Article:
Stories I Tell Myself

Every Tuesday I download the newest episode of This is Fifty with Sheri and Nancy. “Sher and Nance” are on a quest to rebrand midlife and they are doing it in grand style. Every week they talk about how your thoughts create your reality and how the stories you tell yourself are what make your dreams come true. THAT  kind of stuff makes me think. It makes me think about stories I HAVE told myself and stories I tell myself today.

My mother used to say, “You came like this. I tried everything I could to teach you and mold you but I couldn’t.” She would say this with an exasperated humpf and sigh and kind of roll her eyes at me. She directed it at me as if I would somehow be offended and be motivated to change. Except here’s the thing, I didn’t want to change. I liked who I was. It was only when I put other people’s expectations on myself that I was unhappy. It took me a while to realize this but when I did, my world changed.

Here are examples of where our paths diverged when I was growing up.

  • My mother’s vision for me: Be girlie – wear dresses, get a perm, wear lipstick and keep my shirttail tucked in.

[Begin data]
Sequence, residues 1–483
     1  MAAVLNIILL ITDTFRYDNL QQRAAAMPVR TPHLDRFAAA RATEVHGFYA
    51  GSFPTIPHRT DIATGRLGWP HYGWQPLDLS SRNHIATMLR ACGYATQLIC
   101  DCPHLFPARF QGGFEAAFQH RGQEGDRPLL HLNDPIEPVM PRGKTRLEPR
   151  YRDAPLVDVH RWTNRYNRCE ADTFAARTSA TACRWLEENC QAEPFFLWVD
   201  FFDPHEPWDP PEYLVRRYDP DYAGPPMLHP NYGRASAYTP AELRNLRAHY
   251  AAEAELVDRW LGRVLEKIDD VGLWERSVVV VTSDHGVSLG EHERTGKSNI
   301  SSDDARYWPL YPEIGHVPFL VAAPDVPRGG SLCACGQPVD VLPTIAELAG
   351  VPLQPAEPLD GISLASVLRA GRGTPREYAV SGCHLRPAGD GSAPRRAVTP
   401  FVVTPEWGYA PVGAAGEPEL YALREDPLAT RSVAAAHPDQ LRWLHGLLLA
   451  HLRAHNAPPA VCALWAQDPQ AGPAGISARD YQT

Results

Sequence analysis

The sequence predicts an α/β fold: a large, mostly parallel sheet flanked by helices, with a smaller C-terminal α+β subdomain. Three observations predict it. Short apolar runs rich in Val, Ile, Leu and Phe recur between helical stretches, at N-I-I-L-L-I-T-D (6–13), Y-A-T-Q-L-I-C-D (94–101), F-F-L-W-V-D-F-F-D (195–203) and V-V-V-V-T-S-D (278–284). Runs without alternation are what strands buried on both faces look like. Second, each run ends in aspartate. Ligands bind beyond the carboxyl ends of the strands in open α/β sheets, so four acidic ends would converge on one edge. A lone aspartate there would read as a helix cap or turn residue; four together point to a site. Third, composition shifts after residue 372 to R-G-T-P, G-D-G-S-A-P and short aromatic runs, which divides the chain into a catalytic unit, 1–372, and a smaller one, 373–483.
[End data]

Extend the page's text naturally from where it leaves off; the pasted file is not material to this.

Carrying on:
• My Vision: Build tree houses, play tackle football, have straight hair and wear pants plus shoes with rubber soles.
  • My mother wanted me to keep my thoughts to myself (especially the radical ones) and be more like her.
    • I wanted to know about the world, meet new people and learn new perspectives and be nothing like her.
  • My mother wanted me to put others’ needs first no matter the consequences to my own well being.
    • I wanted to live my own life under my terms no matter what that meant.
  • My mother wanted me to fit in socially with the right people – people of our class and color and stay away from those that didn’t treat me well.
    • I just liked to click with people -usually over oddities and even when I wasn’t treated well by people, I wanted to hang in it to figure out the root of our disagreements and if we could reach a common ground.